Twist Image is now Mirum.
We are building something new and exceptional with a group of like-minded innovators.
See what amazing things are about to happen now that 11 remarkable agencies around the world are united. Read more >
There's a renewed interest in podcasting. Maybe a growing interest (depending on who you ask).
Personally, I can't think of better time for a business to create valuable audio and video content in a podcasting format. In the past week alone, I've had a handful of requests to better understand how I create the Six Pixels of Separation podcast. I answered this question in detail back in 2008 (you can read about it here: How To Podcast), but things have changed. In 2008, I was about to publish my 100th episode (I've now posted over 330 episodes) and I've also switched from a PC platform to Apple.
I'm no professional.
Before digging into the details, let me make one point clear (and it's the exact same point I made back in 2008): I don't think that I have the right formula. My show is very "indie" and it's created and published with a minimal amount of production. I'm not an audiophile and I have no special propensity towards audio engineering. I see it as a fun (and different) way to communicate and connect with people. I'm ok with the fact that it's often raw, flawed and basic.
Here's how I Podcast (but please keep in mind that I am a huge proponent of doing a lot more pre and post production for maximum efficacy):
I don't do much to prep for a show. Over the course of the week (in-between episodes), I simply look at my Twitter and Facebook feed for people saying and doing interesting things and I reach out to those who I think might have something unique to say about a specific topic related to marketing, communications, business books, leadership or personal development.
I record all of my conversations over Skype using Audio Hijack Pro. If I have the luxury of having a conversation with someone in-person, I record it on my iPhone using the iRig MIC Cast. Once the audio is recorded, I use Audacity to record the show. I export that file into WAV format and then put it into a program called The Levelator to equalize the volume. From there, I import it back into Audacity and then export the file as a MP3. Once this is done, I bring the file into iTunes to add the cover album artwork and some additional show notes. I then FTP the final audio file over to our servers. My team at Twist Image created the custom audio player on the blog and I use the blog platform to post the show.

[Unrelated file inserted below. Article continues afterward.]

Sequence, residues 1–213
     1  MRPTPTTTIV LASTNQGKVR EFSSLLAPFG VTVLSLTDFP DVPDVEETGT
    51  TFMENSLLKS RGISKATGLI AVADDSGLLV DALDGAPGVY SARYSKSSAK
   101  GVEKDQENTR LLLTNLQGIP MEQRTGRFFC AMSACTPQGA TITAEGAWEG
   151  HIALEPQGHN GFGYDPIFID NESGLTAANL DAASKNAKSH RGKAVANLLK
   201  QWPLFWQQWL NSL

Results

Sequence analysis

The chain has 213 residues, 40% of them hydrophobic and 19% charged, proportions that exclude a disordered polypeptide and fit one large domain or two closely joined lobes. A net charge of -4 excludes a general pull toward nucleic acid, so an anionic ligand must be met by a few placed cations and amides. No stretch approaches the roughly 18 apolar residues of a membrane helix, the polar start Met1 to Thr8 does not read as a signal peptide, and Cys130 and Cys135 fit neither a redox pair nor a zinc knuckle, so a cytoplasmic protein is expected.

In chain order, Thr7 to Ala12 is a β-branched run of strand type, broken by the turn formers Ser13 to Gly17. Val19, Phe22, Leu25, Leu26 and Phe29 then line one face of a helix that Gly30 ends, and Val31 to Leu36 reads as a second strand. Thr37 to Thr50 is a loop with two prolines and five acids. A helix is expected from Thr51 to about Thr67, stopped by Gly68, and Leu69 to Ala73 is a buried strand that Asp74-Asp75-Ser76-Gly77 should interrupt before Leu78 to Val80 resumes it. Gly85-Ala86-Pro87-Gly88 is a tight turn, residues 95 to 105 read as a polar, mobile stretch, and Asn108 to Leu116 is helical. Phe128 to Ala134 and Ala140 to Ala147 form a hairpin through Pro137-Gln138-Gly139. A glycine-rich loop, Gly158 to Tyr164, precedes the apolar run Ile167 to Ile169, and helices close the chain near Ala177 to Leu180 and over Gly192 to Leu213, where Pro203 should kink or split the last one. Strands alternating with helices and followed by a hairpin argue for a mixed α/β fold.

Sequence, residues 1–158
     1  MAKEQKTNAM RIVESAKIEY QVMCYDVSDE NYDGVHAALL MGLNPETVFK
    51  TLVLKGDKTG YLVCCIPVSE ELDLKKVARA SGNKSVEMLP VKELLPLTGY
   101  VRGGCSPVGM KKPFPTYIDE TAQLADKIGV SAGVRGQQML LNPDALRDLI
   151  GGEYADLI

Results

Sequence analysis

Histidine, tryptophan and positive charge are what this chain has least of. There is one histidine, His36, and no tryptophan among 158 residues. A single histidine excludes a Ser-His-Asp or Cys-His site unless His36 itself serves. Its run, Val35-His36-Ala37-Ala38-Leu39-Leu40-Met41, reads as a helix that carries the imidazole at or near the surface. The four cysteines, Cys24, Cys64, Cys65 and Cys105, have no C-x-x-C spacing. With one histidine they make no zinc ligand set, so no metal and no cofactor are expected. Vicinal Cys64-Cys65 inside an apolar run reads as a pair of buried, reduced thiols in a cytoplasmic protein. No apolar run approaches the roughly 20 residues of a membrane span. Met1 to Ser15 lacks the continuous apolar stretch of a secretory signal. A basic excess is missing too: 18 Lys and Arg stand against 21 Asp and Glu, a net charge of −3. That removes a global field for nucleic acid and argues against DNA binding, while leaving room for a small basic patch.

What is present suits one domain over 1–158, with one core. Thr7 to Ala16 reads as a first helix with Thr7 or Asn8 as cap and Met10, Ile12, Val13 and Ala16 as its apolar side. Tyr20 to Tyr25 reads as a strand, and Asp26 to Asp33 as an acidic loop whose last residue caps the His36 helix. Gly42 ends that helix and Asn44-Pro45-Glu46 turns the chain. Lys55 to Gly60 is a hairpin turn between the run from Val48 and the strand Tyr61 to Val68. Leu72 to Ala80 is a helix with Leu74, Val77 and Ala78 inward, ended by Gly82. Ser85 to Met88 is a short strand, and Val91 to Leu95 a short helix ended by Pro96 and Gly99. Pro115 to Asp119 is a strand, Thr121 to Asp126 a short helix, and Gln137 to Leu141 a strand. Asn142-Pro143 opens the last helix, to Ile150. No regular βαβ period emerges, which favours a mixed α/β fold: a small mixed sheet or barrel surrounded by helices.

Because I don't do any audio editing, the whole show is done live... one take (this makes most podcasters cringe - most do multiple takes, edit, etc...). I record the show using a Logitech headset that plugs right into my MacBook Air via USB. Once the show is done, I write up the blog posting in Windows Live Writer and hit the publish button on my blogging software.
It works for me.
I'm sure many audiophiles weep a little when they hear how I record Six Pixels of Separation - no EQ adjustment, no removal of the "umms" and "ahhs", and no editing to "tighten it up." Who knows, maybe somewhere in the next one hundred episodes I'll catch the podcasting bug and break out the mixer, microphone, and audio editing software. But, for right now, I'm just having fun with it.
As I said earlier, my way is, probably, not the most professional way to record a Podcast... but it is my way. I'm hoping that my passion, knowledge and insights make up for what's lacking in professional editing skills and audio quality. I'm also quite sure that as podcasting continues to evolve, the demands to produce a higher quality show (in terms of pure production and audio) will force me to figure out a newer way to take it to the next level.
Until then, Happy Podcasting.